From Suit-Up to Legendary: Barney Stinson's Life Lessons on How to be Awesome

Image credit: Legion-Media

How I Met Your Mother's playbook for a legendary life.

1. New is Always Better

In season six, history buff and romantic Ted gets the opportunity to design his own skyscraper, but this means the old Arcadian Hotel will be demolished. His love interest, Zoey, tries to protect the historical building by hook or by crook.

Barney Stinson doesn't give a damn about all things vintage, and to alleviate his friend's moral suffering, he shares with him the four words to live by: "New is always better."

Yep — the new Star Wars movies are better than the old ones because the first three "barely mention the intricacies of intergalactic trade law", Guns N' Roses' songwriter Axl has only wised up over the years, and surely, a glass of Jumbo Jim's Grape Scotch is better than a 30-year-old Glen McKenna. Because, remember, new is always better… Always!

2. The Possimpible

"Possimpible" is Barney's word to describe the nexus between the Possible and the Impossible.

In season four, when Robin faces deportation from America, she needs to concoct a perfect resume that would guarantee her a job in journalism. Barney, who's partial to Robin, takes the initiative. He is convinced that, in America, no one cares about an employee's actual skills, so a resume should show off one's creativity through fancy, nonsensical words.

"Possimpible" is just one of such fancy words that Barney comes up with — but it's the most memorable one.

3. The Three Days Rule

The "three days rule" is by no means a new concept. According to the unspoken laws of romance, you should wait at least three days after meeting someone before you can call or text them. Unlike Ted, who's willing to marry the "love of his life" at first sight, Barney is committed to the age-old wisdom.

In the episode devoted to the three days rule, Stinson also lectures his friends on the rule's origins: it was invented by Jesus Christ himself as he waited the "exact right number of days" before his resurrection. And, FYI, when he returned, the son of God also gave the first-ever high-five to his followers. True story!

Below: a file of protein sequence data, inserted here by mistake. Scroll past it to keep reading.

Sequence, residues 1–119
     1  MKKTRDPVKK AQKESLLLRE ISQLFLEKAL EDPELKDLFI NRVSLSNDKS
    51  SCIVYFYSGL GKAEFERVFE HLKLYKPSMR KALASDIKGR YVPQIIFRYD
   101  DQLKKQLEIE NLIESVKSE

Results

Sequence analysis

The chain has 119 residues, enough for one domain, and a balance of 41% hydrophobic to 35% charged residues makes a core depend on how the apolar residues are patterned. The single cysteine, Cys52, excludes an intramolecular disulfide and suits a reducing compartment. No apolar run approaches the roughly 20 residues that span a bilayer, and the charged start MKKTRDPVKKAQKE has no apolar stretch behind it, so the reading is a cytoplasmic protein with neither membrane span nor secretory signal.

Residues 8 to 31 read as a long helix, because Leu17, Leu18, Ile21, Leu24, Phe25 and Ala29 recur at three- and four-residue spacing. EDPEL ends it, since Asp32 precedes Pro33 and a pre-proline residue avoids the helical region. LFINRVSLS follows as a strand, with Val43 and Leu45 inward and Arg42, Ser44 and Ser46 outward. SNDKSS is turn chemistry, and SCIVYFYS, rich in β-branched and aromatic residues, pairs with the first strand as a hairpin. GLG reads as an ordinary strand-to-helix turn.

4. The Chain / Circle of Screaming

After an emotionally difficult day at work when Marshall was yelled at by his boss Arthur Hobbs, Barney Stinson gives his friend a sound piece of advice: never raise your voice to a higher authority in response to their screaming. Marshall should get used to ruthless Corporate America where it's a common practice for people of a higher social standing to yell at those below them.

He goes on to explain the "chain of screaming" theory (which may as well be a circle, as Barney thought halfway through his speech): Arthur's boss yells at Arthur, Arthur yells at Marshall, Marshall yells at his wife Lily, who then yells at a kid in her kindergarten class, who yells at her dad, who happens to be Arthur's boss.

Boom! Stinson's theory is reminiscent of the law of the boomerang: "The harder and faster you throw something, the faster and more violently it comes back to hit you.”

5. The Date-Time Continuum

When Stella, the girl who dumped Ted at the altar, invites him to her sister's wedding six months before the event, Ten recalls another one of Barney's theories, dubbed the "Date-Time Continuum."

According to the theory, you can't make plans with your girlfriend (or boyfriend, for that matter) looking further into the future than the amount of time you've been together. The principle may spoil the romance, but it could definitely save Ted from another heartbreak.

6. The Platinum Rule

The Platinum Rule is pretty much the opposite of the Golden Rule and goes, "Never, ever, ever ever 'love' thy neighbor."

It's referenced when Ted is planning to ask his tattoo removal doctor out for a movie. But everyone in the gang thinks it's a bad idea, and Barney justifies the unanimous opinion with the Platinum Rule: one should never date someone that they see on a regular basis. There are plenty of known examples of failed relationships that support Barney's theory: Robin and her TV co-host, Lily and Marshall and their neighbor couple, and Barney and Wendy, the waitress at MacLaren's Pub. Needless to say, Ted's relationship with his doctor was no exception to the rule: his girlfriend was Stella who (you got it) dumped him at the altar.

7. Whatever You Do In This Life, It's Not Legendary, Unless Your Friends Are There To See It

This is perhaps the most poignant wisdom of Barney's — or maybe the entire series! The former womanizer turned Robin Scherbatsky's husband-to-be shares this rule with his "students" in the final season of How I Met Your Mother.

Even when doing his weird self-assigned challenges or pulling stunts to lure girls into bed, Barney Stinson could always rely on his friends for their love and support. Together with Marshall, Ted, Lily, and Robin, they lived through the silliest defeats and celebrated triumphant victories. It was the gang that made his whole life legend — wait for it — dary!